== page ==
Friday, May 2, 2014

Looking for Cousins in MyHeritage SmartMatches - Post 1: Finding SmartMatches

I must admit that I have been a very bad participant in the MyHeritage family tree website.  I uploaded a large tree several years ago and have found it difficult to update it without replacing it.

Several email messages arrive every day titled "2 New Confirmed Smart Matches on MyHeritage.com" that say "xxxxx yyyyyyy, a MyHeritage member from USA, just confirmed NN Smart Matches between her family tree and yours, for the following people..." and provides a link to the persons in the other tree that match my tree.

I have so many Smart Matches that I rarely read more than the name of the matching person.  I don't click through to see the match.  So they've piled up - to the extent of about 192,000 of them, and about 6,000 waiting to be confirmed.  Yikes...how long will that take?  

I've been thinking about "how do I find close or distant cousins who may have my ancestors in their trees?"  Then I thought - "MyHeritage has a lot of trees, and I get a lot of Smart Matches, I wonder how I can find those cousins?"

I do have an ulterior motive - posts for this topic should provide information for my society colleagues and Genea-Musings readers who have the same questions, and/or are considering creating a MyHeritage tree.

This will probably be a multi-post series, since the task is not simple, although I will try to break it up into manageable pieces.

1)  Starting on my MyHeritage page (after logging into my MyHeritage account), I ran the mouse over the "Family Tree" menu item and saw the dropdown list:



2)  I selected the "Smart Matches" link and clicked on it, and saw that page on my account:


The text with the light green background told me "There are 6,461 Smart Matches™ confirmed by others pending your confirmation."  The text with the light purple background told me "There are 56 Smart Matches™ you confirmed, that are pending confirmation by others."  Below those two areas, the really good news is "Good news, you have 192,272 Smart Matches™. View the matches below to confirm them."  Then it told that those 192,272 matches are in 22,265 matching family trees!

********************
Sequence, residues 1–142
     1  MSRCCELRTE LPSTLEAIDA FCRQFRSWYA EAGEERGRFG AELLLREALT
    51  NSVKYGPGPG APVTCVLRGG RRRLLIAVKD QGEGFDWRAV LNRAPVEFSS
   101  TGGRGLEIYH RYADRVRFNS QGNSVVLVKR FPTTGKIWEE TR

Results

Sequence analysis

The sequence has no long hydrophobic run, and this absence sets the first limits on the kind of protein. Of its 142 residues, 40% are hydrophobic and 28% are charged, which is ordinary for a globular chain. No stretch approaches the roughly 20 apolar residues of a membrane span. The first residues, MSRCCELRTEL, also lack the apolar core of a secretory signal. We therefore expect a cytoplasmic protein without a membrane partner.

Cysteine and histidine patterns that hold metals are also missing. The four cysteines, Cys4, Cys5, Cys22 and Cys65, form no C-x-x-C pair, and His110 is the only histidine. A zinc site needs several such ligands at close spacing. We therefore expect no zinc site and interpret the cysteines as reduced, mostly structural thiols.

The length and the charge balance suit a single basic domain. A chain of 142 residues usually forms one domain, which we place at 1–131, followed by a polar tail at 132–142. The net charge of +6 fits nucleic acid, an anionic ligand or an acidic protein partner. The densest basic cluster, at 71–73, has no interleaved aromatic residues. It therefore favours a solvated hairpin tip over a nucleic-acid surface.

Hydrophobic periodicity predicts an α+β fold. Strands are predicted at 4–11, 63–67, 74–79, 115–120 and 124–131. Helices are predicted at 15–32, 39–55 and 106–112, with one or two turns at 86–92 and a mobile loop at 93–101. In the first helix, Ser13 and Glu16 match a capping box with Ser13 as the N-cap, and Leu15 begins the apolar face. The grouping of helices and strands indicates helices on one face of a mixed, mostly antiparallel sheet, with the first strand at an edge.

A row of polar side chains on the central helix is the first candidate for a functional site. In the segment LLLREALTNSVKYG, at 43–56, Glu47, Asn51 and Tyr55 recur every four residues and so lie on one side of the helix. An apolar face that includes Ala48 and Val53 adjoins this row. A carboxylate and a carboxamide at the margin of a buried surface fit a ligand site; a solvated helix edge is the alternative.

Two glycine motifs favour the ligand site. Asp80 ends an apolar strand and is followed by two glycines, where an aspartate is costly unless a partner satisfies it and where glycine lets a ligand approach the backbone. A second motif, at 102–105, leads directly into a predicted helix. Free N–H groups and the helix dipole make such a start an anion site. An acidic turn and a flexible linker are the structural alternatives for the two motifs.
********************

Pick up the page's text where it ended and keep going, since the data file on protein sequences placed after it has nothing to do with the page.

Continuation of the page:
There are two tabs below that text information - one for "By family trees" and one for "By people."   The default appears to be the "By family trees" tab.

The screen above showed me the list of MyHeritage Family Trees with Smart Matches, ranked by the number of matches in each tree.  #1 on the list is the "Popiel Web Site" and I share 760 matches with that site.  

3)  I clicked on the "Popiel Web Site" name, and saw the top of the list of Smart Matches between persons in my tree and persons in the other MyHeritage tree:



I could go through that list of 760 persons that match between the two trees, but after a quick look at them, they seem to mostly be for siblings of my ancestors rather than the ancestors themselves.  In this particular tree, they are all from early New England families.  I'm more interested in finding cousins for my more recent ancestors, like my second or third great-grandparents.